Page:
Recent art has a tendency towards placing importance on form, and values only the effects of point, line, surface, colour, structure and atmospherics. By doing so, the content and meaning of the subjects chosen are relegated. But there are exceptions, such as the works of Picasso, in which he wields his brush directly at the face of evil, exposing and despising its treachery. His gigantic work, 'Guernica', a war scene set in a small village in Spain, depicts the cruelty and horrifying deeds of dictators, and shows the commoners' sad fate and painful suffering. In other words, it is a work that expresses repulsion against war and yearning for peace.
Eng Teng's art, by and large, centres on content and meaning, with some works created from a humanist viewpoint. He hates the mortal effects caused by the atomic bomb, and hence created some mushroom-like clouds caused by these nuclear explosions, adding a number of corpses whose lives had been taken: it is a gruesome sight. He has tremendous compassion towards orphans, and hence sculpted a pair of emaciated children, begging with empty bowls, which will strike at the core of anyone who views the piece.
Other works embody ideas or views about society: a muscular man, semi-reclined and with hands and feet bound by rope, has lost the right to his mobility. Anyone can tell that he is struggling to release himself and is fighting with all his might. It is hinting to us that it is meaningless to possess physical might only: freedom of spirit and action are more precious.
Last year was the 150th anniversary of the founding of Singapore. He spent considerable time pondering on this subject and sculpted a well-endowed bust of a man, with his brain protruding front and back, two muscular arms clutching a crystal ball, and a pair of pentrating eyes probing forwards. Many of us can interpret from this that Singapore's lies in the hands of intelligent and strong-willed youth.
Most of Eng Teng's art, apart from those described, does not dwell on meaning. Works such as 'Nude', 'Mother and Child', 'Burden', 'Meditation' etc. explore the rhythms of pure lines, contrasts between solid and void, interplay of three-dimensional forms, forthright versus accommodating nature of shapes, as well as the overall presentation of beautiful forms.
Eng Teng's style of sculpture has the most direct influence from Epstein. Among the modern artists, Epstein can be said to be a giant positioned between tradition and abstraction: steadfast and mature, yet able to reflect the spirit of the age. He transforms themes without losing the essence of the subject, with simple lines sufficiently able to render imaginative and powerful forms. Some of these remind us of works with religious themes from the middle ages, others refer us to indigenous African arts. All said, Epstein is not hung up on tradition, nor is he a slave to fashionable styles. He has his own unique understanding and way of practising his art, and is a shining example in the world of sculpture. Eng Teng is influenced and empowered by the way Epstein creates and practises his art. Eng Teng has also taken pains to trace the history of his art, and apart from Epstein, he admires Rodin and Michelangelo as well. From these masters, he searched for the origins and secrets of portraying 'inner strength', 'elegance', 'aura' and 'spirit' in sculpture.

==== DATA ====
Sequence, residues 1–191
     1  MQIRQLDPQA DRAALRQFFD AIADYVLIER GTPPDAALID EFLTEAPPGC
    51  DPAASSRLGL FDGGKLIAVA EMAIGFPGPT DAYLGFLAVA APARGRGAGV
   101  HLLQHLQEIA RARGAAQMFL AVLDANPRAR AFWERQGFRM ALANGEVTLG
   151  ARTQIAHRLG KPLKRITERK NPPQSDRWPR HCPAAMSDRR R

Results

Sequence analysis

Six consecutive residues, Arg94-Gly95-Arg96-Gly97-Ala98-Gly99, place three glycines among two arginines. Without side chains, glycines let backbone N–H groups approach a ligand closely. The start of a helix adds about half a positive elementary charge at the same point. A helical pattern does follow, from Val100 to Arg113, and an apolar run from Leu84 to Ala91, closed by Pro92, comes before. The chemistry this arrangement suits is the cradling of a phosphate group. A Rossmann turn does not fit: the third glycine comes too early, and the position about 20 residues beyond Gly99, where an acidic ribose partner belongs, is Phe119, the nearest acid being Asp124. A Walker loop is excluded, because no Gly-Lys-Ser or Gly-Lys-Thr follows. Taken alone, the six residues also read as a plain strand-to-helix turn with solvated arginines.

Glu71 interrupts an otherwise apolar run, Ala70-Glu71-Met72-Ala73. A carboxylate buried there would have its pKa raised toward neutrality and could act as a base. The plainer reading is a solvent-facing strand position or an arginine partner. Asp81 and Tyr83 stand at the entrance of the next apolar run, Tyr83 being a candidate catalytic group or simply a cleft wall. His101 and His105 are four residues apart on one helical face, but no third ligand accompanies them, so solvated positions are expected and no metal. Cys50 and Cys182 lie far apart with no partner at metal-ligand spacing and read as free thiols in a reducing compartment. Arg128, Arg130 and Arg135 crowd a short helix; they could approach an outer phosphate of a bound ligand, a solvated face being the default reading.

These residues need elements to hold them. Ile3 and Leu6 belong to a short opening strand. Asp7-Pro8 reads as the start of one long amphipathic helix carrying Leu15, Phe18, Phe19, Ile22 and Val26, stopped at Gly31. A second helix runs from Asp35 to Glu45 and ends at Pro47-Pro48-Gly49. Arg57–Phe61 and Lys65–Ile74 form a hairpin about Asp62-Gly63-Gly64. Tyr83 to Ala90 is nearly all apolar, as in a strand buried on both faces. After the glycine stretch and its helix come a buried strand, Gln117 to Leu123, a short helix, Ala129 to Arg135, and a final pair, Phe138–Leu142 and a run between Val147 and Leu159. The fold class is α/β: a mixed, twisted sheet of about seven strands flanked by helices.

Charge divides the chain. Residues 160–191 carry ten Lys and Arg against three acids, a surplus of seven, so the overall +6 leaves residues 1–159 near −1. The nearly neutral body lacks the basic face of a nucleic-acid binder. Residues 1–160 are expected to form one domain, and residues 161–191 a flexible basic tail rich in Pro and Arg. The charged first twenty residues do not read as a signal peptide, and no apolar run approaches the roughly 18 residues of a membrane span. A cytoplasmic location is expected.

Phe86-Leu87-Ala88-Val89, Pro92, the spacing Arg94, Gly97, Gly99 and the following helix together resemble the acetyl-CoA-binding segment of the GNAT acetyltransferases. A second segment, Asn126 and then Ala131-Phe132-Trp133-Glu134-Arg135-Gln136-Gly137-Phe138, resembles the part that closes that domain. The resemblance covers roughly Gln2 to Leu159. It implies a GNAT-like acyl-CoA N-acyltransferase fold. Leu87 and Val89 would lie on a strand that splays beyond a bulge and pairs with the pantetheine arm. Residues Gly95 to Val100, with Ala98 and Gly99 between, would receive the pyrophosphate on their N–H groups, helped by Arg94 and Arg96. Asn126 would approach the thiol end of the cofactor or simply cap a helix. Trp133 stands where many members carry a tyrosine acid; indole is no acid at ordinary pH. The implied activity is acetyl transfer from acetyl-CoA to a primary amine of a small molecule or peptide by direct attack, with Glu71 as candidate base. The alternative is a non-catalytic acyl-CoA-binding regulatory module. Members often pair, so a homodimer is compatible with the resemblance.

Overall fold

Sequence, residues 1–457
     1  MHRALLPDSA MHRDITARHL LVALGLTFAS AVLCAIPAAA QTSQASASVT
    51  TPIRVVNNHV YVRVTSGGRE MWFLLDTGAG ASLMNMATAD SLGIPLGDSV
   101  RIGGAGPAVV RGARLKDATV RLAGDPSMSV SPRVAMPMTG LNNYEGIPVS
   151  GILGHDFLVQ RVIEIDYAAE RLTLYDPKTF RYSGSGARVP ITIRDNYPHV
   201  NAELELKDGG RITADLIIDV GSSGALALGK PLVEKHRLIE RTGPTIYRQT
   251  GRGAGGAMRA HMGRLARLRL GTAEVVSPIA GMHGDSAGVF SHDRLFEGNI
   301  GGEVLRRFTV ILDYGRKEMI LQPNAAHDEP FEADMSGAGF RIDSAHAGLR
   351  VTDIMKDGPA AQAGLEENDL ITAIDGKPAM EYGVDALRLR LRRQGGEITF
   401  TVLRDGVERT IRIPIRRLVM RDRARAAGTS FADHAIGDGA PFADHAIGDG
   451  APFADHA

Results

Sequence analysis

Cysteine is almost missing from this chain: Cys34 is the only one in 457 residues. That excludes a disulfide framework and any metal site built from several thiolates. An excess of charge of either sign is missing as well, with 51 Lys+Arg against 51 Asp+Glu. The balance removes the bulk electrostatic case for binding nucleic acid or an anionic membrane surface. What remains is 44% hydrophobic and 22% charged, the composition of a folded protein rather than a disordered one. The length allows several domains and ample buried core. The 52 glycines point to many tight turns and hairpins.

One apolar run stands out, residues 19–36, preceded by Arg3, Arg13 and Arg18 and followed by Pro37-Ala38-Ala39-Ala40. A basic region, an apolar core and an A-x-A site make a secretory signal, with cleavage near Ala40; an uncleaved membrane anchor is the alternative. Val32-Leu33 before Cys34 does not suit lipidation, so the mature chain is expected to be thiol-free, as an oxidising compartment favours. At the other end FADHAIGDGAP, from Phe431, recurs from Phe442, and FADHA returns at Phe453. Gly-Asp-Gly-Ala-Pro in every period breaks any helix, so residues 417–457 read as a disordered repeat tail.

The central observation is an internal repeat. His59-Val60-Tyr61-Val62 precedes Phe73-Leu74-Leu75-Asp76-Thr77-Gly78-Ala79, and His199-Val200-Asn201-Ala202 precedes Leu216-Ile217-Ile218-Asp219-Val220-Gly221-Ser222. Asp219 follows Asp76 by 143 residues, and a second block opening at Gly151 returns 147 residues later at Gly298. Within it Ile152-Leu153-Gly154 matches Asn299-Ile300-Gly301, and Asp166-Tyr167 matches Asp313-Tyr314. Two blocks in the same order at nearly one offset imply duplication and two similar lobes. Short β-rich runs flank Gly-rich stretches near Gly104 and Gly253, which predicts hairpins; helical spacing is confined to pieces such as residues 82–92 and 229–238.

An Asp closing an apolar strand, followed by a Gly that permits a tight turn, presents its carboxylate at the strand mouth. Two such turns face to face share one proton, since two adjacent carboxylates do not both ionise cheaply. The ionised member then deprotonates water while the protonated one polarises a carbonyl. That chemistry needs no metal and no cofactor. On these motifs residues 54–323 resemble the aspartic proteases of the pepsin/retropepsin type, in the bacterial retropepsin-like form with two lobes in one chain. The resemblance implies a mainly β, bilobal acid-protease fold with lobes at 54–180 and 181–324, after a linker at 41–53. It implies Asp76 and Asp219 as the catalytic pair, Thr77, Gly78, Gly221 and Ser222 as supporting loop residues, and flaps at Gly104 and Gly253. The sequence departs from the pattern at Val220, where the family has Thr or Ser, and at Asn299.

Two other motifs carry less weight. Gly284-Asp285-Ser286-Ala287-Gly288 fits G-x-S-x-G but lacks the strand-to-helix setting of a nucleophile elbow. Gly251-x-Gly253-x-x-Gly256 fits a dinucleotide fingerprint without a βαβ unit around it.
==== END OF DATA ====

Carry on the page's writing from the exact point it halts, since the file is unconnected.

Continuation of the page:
Because of the limitations of his present environment and his relatively short experience, there is no need for us to overrate Eng Teng's present works. He already has enough confidence and talent, and, aided by his firm grounding in art, a sparkling future for him can be expected.
After Eng Teng graduated from NAFA, he went for further studies in England. There, he also studied ceramics and excelled in this field. During this time, he produced elegant and refined works. It is worth pondering: if these could be mass produced, wouldn't society at large benefit and be enriched? This world is always placed in such throes of irony. Factories and kilns operate day and night to produce simple and coarse works. Other than their practical uses, people who pay for them enjoy little else. On the other hand, artists can produce beautiful works; yet without strong financial support, they have no opportunity to serve the larger public usefully.
All art forms have inextricable ties with drawing. The basic principle of drawing will also influence the ways her sister arts could be created. Advancements and changes in the style of drawing will hence influence these other arts. Thus, architects,, sculptors, ceramicists, interior designers, advertisement artists, etc, must be equipped with drawing skills to be able to explore all possibilities. If one wants to excel in one's craft, the demands that one makes on one's drawing abilities should be high. The history of art is filled with such examples, and I need not elaborate. Eng Teng's drawings / paintings riot only aid in his principal studies in sculpture; they are good enough to stand in their owl) right as a painter's oeuvre. His portraits are finely crafted, stately, and each created with a special muse. One does not find in his works the common mistakes many make in painting: points of stagnation, immature strokes or emptied spaces. The quality of his paintings is certainly on par with that of his sculptures. Ancient Chinese scholars would be highly regarded if they were conversant in poetry, literature and painting. Eng Teng has so many talents; so how do we reckon with him?
Sculpture, ceramic, painting, ng eng teng Singapore, 1970, unpaginated.
Translated from Chinese by Lai Chee Kien
Last updated: 11 January 2001